I remember the first time I realized that I completely trusted my best friend. In a moment of total panic, I confessed something to her and asked her advice. It was the kind of thing that you don’t TELL anyone. And I told her. Not only did she still love me anyway (unless these 15 years have all been a LIE. Hehe), but she gave me advice. She still does She sees me face-deep in Kleenx, wearing bleached out yoga pants, hair wild and twelve feet high – and she loves me anyway. I ask her for the MOST AWKWARD favor EVER, and she doesn’t hesitate. The reverse is also true. She has my back. I have her back. End of story.
But, again: I love that feeling when you realize someone totally trusts you, and you trust them. It makes me want to hug unicorns. It makes me want to burst into song. (I do that a lot. I’m a human Disney character. Not kidding. “There goes the baker with his tray like always…”) People reveal themselves to be trustworthy, and the best way to be trusted is to show trust yourself. It is a thing of courage. It is something that makes the world a little better, a little brighter. And a brighter world is a wonderful place of possibility. J.M. Barrie once wrote, “All you need is trust and a little bit of pixie dust.” And I couldn’t agree more. This is the ordinary magic of life that leads to extraordinary things.
“Trust your heart if the seas catch fire, live by love though the stars walk backward.”― E.E. Cummings
“It is not true that women cannot keep secrets. Where they love, they can be trusted to death and beyond, against all sense and reason.” – Mary Stewart, The Hollow Hills
The other day, I was having a conversation with my BFF, discussing wants, needs, and love. Sometimes people confuse these things with each other, and it’s often hard to parse them apart. Now, you can want something/someone without needing them. (But, Daddy! I WANT an Oompa Loompa! Veruca, may WANT an Oompa Loompa, but she doesn’t NEED one.) You can want someone and not love them. (I’m pretty sure Veruca wasn’t looking to elope with one of Willy Wonka’s orange-faced minions.) But can you ever NEED someone you don’t love?
To me, if I don’t love you, I don’t need you. Any kind of love, mind you – friendly or romantic. However, since the conversation, I’ve been thinking about needing someone, and I’m kind of stumped. You can need a lot of things: comfort, company, someone to talk to etc. But to NEED a person? There’s much more to it than just filling some sort of niche.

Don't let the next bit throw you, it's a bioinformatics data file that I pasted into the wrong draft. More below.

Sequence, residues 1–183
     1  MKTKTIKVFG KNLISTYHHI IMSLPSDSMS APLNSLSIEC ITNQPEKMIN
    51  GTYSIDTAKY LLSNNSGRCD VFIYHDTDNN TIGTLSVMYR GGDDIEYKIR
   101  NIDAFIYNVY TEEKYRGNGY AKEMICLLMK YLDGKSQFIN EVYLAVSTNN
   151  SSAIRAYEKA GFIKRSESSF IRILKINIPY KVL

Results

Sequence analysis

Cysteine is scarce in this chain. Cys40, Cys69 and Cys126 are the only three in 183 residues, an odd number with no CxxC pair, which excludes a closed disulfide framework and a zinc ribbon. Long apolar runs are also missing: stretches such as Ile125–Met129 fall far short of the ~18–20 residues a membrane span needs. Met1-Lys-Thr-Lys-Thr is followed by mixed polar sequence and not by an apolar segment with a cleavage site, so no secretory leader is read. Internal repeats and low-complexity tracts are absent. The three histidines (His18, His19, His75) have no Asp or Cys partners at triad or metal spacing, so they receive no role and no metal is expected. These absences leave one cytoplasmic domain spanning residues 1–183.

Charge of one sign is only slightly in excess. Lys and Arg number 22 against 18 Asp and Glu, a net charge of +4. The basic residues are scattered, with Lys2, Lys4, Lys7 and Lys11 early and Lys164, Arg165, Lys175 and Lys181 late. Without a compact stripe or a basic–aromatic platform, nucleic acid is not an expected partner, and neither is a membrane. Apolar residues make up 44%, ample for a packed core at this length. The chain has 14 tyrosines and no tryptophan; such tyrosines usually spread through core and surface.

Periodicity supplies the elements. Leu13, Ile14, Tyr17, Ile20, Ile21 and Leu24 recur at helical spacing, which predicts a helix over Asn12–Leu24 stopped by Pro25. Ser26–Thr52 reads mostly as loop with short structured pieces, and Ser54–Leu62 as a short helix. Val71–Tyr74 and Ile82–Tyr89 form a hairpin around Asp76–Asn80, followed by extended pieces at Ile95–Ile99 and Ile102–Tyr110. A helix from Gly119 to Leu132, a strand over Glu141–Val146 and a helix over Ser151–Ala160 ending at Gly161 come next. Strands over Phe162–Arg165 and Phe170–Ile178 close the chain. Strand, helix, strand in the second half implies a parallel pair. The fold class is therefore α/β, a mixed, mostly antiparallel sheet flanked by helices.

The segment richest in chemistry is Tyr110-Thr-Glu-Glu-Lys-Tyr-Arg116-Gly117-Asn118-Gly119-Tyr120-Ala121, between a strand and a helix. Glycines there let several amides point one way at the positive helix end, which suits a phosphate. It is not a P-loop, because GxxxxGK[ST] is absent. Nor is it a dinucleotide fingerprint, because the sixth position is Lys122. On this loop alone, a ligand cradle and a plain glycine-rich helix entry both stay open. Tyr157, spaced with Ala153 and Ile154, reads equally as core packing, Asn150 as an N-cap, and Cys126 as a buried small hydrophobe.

Needing someone is a funny thing. The people that we need are the ones who matter most to us. The ones who, perhaps, in some way complete us or make us better. I stumbled across a quote yesterday that I really loved, “Love is needing someone. Love is putting up with someone’s bad qualities because they somehow complete you” (Sarah Dessen, This Lullaby). To me, that sums up love and need perfectly. They are not the same thing, but they do go hand-in-hand.
Back to my original question: can you ever need someone without loving them? I don’t think so, but I want to know what you think. Can you need without loving? And, the reverse: can you love without needing?
The other day, I hung out with my BFF. At one point, she had some errands to run, and I went with her. We stopped at the pet food store and the liquor store (because CLEARLY those two errands go together). The liquor store in question was bigger than a mall. If you wandered down the wrong aisle, I’m quite certain one would lead to Narnia. Or the Goblin City. In which case: JAREEEEEEETH. *ahem* Moving on…
We found what she was looking for, laughing about some seriously ridiculous products. Alcoholic whipped cream? No, that’s totally NOT a sign you have a problem there, buddy. Not at all. Forget Marshmallow vodka – that’s just wrong. And you should’ve seen her face when I explained what a tequila worm is. “But WHY?” was a popular question.
Annnnyway, we went in search of a checkout line, only to find that there was no one around. The place looked like prime Zombie Apocalypse territory, until we found two random employees chatting. We stood there, waiting for a gap in the conversation. The continued chatting about their lives, while we stood there, pointedly starting at them. Finally, after Godot wandered by and Superman reversed the earth’s axial spinning, the woman turns and asks, “Can I help you?” Let it be known that her tone indicated she didn’t actually want to help, and she was annoyed that her chitchat was being interrupted by her actual JOB.